New Coronavirus Strain Detected In More Countries

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Carlie Porterfield   Forbes U.S. Staff

New Coronavirus Strain Detected In More Countries

Spain is the latest country to confirm cases of a new coronavirus strain first detected in the U.K. that early studies suggest is far more contagious, sparking worries that it could worsen the pandemic.

KEY FACTS

- Four people in Madrid who recently arrived from the U.K. were infected with the new coronavirus variation, the region’s deputy health chief Antonio Zapatero announced Saturday, but said “there is no need for alarm,” according to Al Jazeera, adding that none of the patients are seriously ill. 

- According to Reuters, a traveler from the U.K. in Sweden tested positive for the new strain, the country’s health agency announced Saturday.

- France and Lebanon also said Friday that travelers from London had tested positive for the new variant. 

- The mutated virus has been found as far away as Japan, which announced Friday it had detected five cases of the new strain, all in people who had recently arrived from the U.K., leading the country to temporarily ban nonresident foreign travelers.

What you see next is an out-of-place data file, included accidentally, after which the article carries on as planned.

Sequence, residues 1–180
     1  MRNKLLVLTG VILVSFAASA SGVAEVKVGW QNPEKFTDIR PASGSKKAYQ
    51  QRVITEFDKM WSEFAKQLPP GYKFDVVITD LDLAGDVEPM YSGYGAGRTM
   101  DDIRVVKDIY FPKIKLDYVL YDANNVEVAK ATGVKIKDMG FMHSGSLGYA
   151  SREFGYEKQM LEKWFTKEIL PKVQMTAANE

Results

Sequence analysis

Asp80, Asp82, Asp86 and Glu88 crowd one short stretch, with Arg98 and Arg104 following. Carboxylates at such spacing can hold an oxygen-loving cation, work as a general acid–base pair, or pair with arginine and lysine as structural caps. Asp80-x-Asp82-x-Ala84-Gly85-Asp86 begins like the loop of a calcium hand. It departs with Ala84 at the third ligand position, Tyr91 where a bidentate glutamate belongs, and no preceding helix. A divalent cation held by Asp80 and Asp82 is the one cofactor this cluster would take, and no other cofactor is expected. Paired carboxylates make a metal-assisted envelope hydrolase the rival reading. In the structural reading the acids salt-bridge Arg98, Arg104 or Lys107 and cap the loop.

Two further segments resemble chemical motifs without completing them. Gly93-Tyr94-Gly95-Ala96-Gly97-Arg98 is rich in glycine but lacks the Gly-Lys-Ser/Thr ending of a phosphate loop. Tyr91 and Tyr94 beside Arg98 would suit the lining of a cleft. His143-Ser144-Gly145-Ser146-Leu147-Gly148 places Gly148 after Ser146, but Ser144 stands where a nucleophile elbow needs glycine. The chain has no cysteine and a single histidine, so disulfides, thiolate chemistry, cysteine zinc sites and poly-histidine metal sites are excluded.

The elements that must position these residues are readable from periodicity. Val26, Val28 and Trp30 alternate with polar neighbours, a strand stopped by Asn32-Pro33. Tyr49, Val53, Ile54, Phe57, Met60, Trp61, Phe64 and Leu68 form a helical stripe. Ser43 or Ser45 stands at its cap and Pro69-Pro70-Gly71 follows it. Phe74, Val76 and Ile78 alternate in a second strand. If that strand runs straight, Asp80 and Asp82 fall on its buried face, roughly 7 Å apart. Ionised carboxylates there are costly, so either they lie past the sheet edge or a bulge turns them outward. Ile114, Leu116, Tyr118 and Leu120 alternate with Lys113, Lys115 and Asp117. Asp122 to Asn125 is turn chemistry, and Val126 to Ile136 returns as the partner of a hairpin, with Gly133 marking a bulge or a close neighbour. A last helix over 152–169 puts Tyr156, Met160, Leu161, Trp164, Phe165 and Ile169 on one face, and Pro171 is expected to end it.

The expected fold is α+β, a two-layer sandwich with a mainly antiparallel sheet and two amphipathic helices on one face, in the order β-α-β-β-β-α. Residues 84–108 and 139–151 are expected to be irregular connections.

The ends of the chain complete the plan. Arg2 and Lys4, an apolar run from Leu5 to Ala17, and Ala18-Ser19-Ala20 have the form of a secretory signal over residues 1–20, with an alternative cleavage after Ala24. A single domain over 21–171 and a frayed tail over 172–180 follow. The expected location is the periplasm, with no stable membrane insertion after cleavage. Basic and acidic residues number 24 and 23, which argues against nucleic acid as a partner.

Ireland’s Department of Health said Friday researchers found evidence of the variant by whole genome sequencing, and said in a statement that it would conduct more testing to establish its prevalence in the country.

- The new strain has also been detected in Italy, Denmark, Germany, the Netherlands and Australia, according to the BBC.

TANGENT

While it has not been detected in the U.S. yet, the Centers for Disease Control and Prevention warned this week it’s likely the variation has already made its way stateside. Dr. Anthony Fauci, the leading infectious disease official in the U.S., said Tuesday that Americans should “assume it’s here already.” This week, Los Angeles County researchers began testing virus samples to determine if the new strain is circulating on the West Coast, according to the Los Angeles Times.

KEY BACKGROUND

Researchers this week announced the results of a study, still yet to be peer reviewed, which suggest the new strain is roughly 56% more contagious than previous forms of coronavirus. The U.K., which has developed stronger capabilities to monitor genetic changes in the coronavirus than other countries, was the first country to detect the variation, but it's possible it has been circulating in other countries for some time without being found. The new variant is believed to be the driving force behind a surge of cases and deaths in the U.K. Dozens of countries have banned travelers coming from Britain as a result.

 

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Carlie Porterfield   Forbes U.S. Staff

I am a Texas native covering breaking news out of New York City. Previously, I was a Forbes intern in London. I am an alum of City, University of London and Texas State University.